“The purpose of the Patriot Act is to combat terrorism and I don’t think they care about corporate data.” And EllisDon isn’t a publicly traded company, he added.
“We did almost a year of due diligence with Google, and we had our legal team review the Patriot Act and any concerns. At the end of the day we didn’t find anything that was a show-stopper.”
So when it came to cloud backup the company was open to Texas-based Spanning Cloud Apps Inc.
It wasn’t hard to convince management to move to cloud solutions, he said. “People are always a little leery as to change and losing control … but we have project and construction managers that always travel. They need mobility, therefore we needed the means to get them access to their information at any time.”
? Sometimes the best ideas for using the cloud come from your own experience. That’s what Jeremy Friedberg, co-founder of Toronto’s Spongelab Interactive found.
As a graduate student in molecular genetics and biotechnology at the University of Guelph he used animation to get across the concepts he was teaching. Soon other staff were asking him to build digial tools for them, which led to the creation in 2007 of Spongelab. It has a cloud-based platform called Stitch for building game-based learning technologies. Friedberg calls it education-as-a-service.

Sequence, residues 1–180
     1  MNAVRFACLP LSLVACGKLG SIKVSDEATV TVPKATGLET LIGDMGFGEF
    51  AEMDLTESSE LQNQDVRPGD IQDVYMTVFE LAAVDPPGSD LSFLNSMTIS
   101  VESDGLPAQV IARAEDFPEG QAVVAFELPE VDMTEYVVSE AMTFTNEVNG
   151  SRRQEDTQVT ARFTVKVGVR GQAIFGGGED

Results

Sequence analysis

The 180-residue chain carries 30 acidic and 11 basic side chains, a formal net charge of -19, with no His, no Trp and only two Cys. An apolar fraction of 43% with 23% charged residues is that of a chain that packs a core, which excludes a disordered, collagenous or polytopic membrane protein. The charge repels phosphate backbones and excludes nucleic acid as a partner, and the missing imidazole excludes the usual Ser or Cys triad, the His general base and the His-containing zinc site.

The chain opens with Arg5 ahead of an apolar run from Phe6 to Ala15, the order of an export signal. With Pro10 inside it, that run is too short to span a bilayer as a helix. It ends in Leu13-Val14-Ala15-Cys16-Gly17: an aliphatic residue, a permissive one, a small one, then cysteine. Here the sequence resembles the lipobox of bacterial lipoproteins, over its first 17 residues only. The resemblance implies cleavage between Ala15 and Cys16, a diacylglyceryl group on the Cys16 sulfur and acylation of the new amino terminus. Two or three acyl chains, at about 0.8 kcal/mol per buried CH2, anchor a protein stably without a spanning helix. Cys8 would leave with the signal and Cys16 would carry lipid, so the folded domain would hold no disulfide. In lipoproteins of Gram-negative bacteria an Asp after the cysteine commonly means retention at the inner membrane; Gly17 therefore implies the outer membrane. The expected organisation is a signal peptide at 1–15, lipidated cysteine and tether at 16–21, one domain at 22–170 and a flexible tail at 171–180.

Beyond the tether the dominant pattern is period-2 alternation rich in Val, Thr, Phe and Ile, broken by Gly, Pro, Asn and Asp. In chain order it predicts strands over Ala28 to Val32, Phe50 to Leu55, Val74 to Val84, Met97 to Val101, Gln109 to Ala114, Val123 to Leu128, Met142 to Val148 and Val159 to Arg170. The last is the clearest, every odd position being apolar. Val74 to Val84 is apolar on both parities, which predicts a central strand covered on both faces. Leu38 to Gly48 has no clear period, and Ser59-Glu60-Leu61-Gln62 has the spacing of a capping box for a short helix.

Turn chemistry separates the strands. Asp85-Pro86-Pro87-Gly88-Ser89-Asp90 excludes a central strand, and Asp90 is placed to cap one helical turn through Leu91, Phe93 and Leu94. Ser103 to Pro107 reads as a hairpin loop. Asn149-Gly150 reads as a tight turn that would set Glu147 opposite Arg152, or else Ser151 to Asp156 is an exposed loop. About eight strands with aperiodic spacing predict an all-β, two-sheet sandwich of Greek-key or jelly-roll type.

There’s a free version for junior highs and up for use in education systems. Stitch plugs into online education systems like Moodle.
But for enterprises that want a custom solution the company creates a platform, infrastructure, tools, datasets, gamified experience and the content for personalized learning.
SpongeLab can onboard and monitor users, tailor game levels, evaluate and hone content from customers and automate tools for loading content.
One commercial customer is Pearson Education’s Catalyst program, for which SpongeLab is building a simulation and platform for medical education.
? Calgary-based CriticalControl Solutions started in 2000 as an outsourced supplier of imagery and data entry services for businesses, but with the cloud has broadened its range of offerings.
Today it has customers ranging from provincial governments to energy companies.
it can connect to customers data systems, and manage it and allow organizations through a Web browser to get business intelligence to make better decisions.
Products include ProMonitor, which creates and publishes pipeline schematics that can be updated in the cloud, and ProTrend, a natural gas composition management application that compiles data from gas wells and makes it available online.
CEO Alykhan Mamdani says two-thirds of the company’s revenue comes from the energy sector.